Three Things You’ll Learn
This week we have a very special episode of the podcast. We had the grand pleasure of welcoming Professor Viren Swami onto the podcast. He is a professor of Social Psychology at Anglia Ruskin University in the UK and Perdana University in Malaysia, with his current area of focus being on body image and how we can promote healthy body image across the population.
Although his parents wanted him to study medicine, Viren states that he followed his curiosity about the ‘outside view of ourselves (aka how the way others view us affects our lives) and ended up getting his Ph.D. in Psychology from UCL (University College London) in ‘05.
Viren Swami is one of, if not the leading researcher within the field of body image, beauty ideals, and attractiveness. Viren has in the past focused on looking at cross-cultural differences and explored if and why attractiveness may differ between different cultures.
However, spanning beyond his field, Professor Viren Swami is one of the top researchers in the world full stop – he is within the top 2% of most scientists globally.
1) Why Do We Humans Put So Much Value Into Appearance?
Appearance derives its value primarily from the absence of social interaction. Yet even with the copious amounts of interactions we have as humans, we place so much value on the way we look.
Swami explains that as humans we very much do ‘judge a book by its cover’ when it comes to others – and with their appearance often being the very first thing we notice of others we put a huge emphasis on our own.
There are more philosophical and evolutionary reasonings, such as the fact that appearance is a cue for fertility and health, and in such those with a ‘better’ appearance will be able to find mates easier.
Yet with Viren being a social psychologist he much prefers to approach the topic from a social angle. Viren goes on to talk about how our ideals of appearance all match up to standards that we learn, often as children. We have the implicit tendency to strive toward these ideals because we are rewarded when we do.
Well, where do these ideals actually come from? Swami explains that we can trace these back to the powerful organizations that all have a vested interest in selling us these ideals. Think the fashion, beauty, and diet industries – they lead people into thinking they’re never going to be good enough and that they must continuously do something about this. What is the only way they may achieve this? Thorough buying the latest collection, makeup, diet plan etc.
If we take a look back at the first sentence, we notice the caveat here. With appearance only mattering most in the absence of social interaction, once you begin to interact with someone the importance of your physical appearance lowers considerably.
2) The Way We Perceive Others
When tasked with the question of ‘Nature or Nurture’ in relation to the ideals we all possess, Viren Swami gives a very insightful answer.
There are some factors that we all pay attention to when it comes to how physically attractive we perceive people, things that we were often taught to believe were important. Yet at the same time, there are also factors that a totally unique to us, as at the end of the day we all have our own preferences.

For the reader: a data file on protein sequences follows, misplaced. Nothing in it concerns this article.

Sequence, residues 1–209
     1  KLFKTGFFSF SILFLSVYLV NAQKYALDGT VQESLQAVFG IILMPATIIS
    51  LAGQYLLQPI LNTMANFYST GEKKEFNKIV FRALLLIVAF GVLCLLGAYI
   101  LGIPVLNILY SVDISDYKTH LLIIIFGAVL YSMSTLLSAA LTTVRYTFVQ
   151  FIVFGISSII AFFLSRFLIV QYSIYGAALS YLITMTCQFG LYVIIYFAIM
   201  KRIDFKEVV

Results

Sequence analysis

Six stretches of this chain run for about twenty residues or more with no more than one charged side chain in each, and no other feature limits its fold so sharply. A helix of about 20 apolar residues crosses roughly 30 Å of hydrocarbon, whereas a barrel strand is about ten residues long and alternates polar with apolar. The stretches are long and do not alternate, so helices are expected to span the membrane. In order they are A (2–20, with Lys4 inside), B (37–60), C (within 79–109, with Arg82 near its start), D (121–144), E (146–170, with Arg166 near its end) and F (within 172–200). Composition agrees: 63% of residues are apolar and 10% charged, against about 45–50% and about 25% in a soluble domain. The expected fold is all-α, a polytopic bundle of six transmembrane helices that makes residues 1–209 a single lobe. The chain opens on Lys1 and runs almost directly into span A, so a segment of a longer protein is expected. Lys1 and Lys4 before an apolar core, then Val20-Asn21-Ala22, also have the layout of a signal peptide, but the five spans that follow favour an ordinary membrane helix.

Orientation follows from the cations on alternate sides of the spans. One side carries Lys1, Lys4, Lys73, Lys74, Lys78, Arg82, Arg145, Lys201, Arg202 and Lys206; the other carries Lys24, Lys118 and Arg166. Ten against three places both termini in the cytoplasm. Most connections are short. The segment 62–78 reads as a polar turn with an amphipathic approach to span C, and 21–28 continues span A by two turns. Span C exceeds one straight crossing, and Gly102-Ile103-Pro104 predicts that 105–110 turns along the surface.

Furthermore, even within ourselves, we are varied – our perceptions of other people are not static, they can and often will change over time. This is most obvious with what we seek as we age, e.g. more stable wholesome relationships as we grow older. Our personal experiences influence what we’re looking at and for in others, as well as our upbringing and culture.
Perhaps the most particular concept Viren Swami touches on is the Halo Bias. Illustrating it as follows: Say you come across someone and using the basic yet albeit widely used ‘1 – 10’ rating gives them a 7 based on their appearance. Yet after numerous interactions you find them to be a really nice person to be around, you may now all of a sudden rate their appearance a 9, with them making no changes at all. The Halo Bias states that people’s characteristics can influence how we see them physically.
Ultimately, Swami argues that it is always a case of nature and nurture.
3) How Our Perceptions Are Influenced
Taking things from a social/psychological perspective, Viren illustrates the Tripartite Influence Model in order to explain how our perceptions are influenced.
The model consist of three primary sources of knowing what’s attractive in addition to what’s socially acceptable as attractive (this model extends to our behavior and other aspects naturally) in society:
- In childhood: Our parents instill in us (intentionally or not) what’s acceptable in society in terms of our physical appearance and what to find attractive
- Later on: In adolescence, as we begin to form our own personalities and preferences, we are frequently looking to our peers, which naturally influences us – in accordance to our inherent desire to fit in
- Further on: We continue to look at our peers but now we are also taking much more media, bearing a huge influence on how we perceive things and ultimately others
As adults we also engage in social comparisons. With social media we are bombarded with people presenting a version of reality that is often times not the truth, but merely an idealized version of reality. Swami notes that internalizing our comparisons to these idealized versions of reality can have huge negative impacts on our mental health.
Listen on to hear Professor Viren Swami talk about these 3 things in depth and much more!